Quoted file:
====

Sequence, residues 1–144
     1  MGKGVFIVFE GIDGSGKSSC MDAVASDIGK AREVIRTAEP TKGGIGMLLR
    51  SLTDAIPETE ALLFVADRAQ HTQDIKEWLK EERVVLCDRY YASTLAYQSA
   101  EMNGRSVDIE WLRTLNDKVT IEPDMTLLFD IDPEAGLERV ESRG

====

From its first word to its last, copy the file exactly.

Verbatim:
Sequence, residues 1–144
     1  MGKGVFIVFE GIDGSGKSSC MDAVASDIGK AREVIRTAEP TKGGIGMLLR
    51  SLTDAIPETE ALLFVADRAQ HTQDIKEWLK EERVVLCDRY YASTLAYQSA
   101  EMNGRSVDIE WLRTLNDKVT IEPDMTLLFD IDPEAGLERV ESRG